At the end, you’ll be able to:

  • Demonstrate practical use of file management and navigation on a PC
  • Define a range of technical terms in the field of ICT
  • Create professional business documents
  • Produce presentations using a range of features
  • Demonstrate competent use of the internet, web and e-mail.
  • Apply calculations to business data and produce a range of charts

Computer skills that will help you get hired

Obviously, you’ll need a wider and deeper range of skills if you’re applying for an IT position than something involving general office work. As a minimum most employers are looking for:

●        Good word-processing skills

●        Basic use of spreadsheet applications and being able to perform simple functions

●        Effective email communication in the workplace

●        Being able to use PowerPoint

●        Understanding computer file storage to find documents Web and social media skills

Handling graphics, being able to use accounting software and perhaps basic coding are useful skills for your CV or resume too.

Benefits of computer literacy for students

Most students are digital natives: you’ve grown up with the technology, and use a smartphone to check facts, organise your social life, pay for shopping and browse the internet. So there’s no excuse for not having at least some basic computer literacy.

Do you know how to make a PowerPoint presentation on a computer? You’re likely to have to do this at some point during your course: having the basic skills will save a lot of pain, and be useful when job hunting.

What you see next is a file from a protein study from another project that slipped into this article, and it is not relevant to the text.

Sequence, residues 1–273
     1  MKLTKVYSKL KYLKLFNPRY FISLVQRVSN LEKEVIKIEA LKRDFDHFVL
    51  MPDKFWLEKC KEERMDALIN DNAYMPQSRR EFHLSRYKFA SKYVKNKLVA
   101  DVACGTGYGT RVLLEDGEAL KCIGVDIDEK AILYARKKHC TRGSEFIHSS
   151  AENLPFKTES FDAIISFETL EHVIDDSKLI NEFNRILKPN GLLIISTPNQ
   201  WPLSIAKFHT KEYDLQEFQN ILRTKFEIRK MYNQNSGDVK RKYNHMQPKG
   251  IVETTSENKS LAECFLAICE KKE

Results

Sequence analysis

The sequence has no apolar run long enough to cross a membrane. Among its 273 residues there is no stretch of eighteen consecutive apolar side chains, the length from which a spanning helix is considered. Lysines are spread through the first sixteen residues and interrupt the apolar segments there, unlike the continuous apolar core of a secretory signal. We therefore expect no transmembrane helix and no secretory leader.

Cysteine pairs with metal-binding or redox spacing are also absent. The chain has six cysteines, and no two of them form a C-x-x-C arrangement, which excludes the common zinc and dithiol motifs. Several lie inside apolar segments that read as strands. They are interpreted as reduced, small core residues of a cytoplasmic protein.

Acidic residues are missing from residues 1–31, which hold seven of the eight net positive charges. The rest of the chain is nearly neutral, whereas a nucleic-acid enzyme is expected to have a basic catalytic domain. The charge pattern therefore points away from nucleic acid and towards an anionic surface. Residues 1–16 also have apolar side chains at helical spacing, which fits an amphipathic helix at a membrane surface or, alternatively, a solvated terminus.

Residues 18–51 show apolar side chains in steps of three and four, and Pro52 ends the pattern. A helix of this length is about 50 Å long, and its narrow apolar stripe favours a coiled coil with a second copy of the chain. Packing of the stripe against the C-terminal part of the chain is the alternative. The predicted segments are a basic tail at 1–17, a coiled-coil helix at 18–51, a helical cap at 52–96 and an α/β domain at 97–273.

Excellent skills in Word or Google Docs will mean you can turn in assignments which read and look professional, including citations and footnotes as required. And while arts students might not need to learn Excel – it's pretty much a requirement for economics, business students and scientists – it can be an incredibly useful way of storing research or managing your budget. 


Computer Applications GBS Class

Computer Applications GBS Class

Benefits of computer literacy for personal use

It’s fair to say that ICT can sometimes be frustrating: the smartphone that runs out of charge when you most need Google Maps, the document which disappears from your laptop at the crucial moment, the shopping website which crashes between basket and payment. 

But overall, there are so many benefits in everyday life of having computer literacy skills – and they can help us get around the problems. Whether it’s using Excel for household budgeting or organisation, being able to write emails to apply for jobs or creating a professional-looking CV and cover letter in Word, ICT skills will only enhance your life. 

Is it ever too late for someone to learn ICT?

If there’s one thing that the pandemic has taught us, it’s that the answer to this question is NO! 

Everyone knows older people – often much older people - who’ve mastered Zoom to stay in touch with family and friends, often using a laptop or tablet for the first time.

We all know late adopters of Instagram and TikTok, and people who’ve had to learn to do all their shopping on the Internet after a lifetime on the High Street. So it’s not too late for you.

Is this the year when you’ll transform your life and career by taking a computer literacy course? 

Why not come to Galway Business School and join our Springboard course, available at no or very low cost? Our Computer Applications Course will cover everything you need to get you started – and much more – in just one semester.

Contact us to find out more.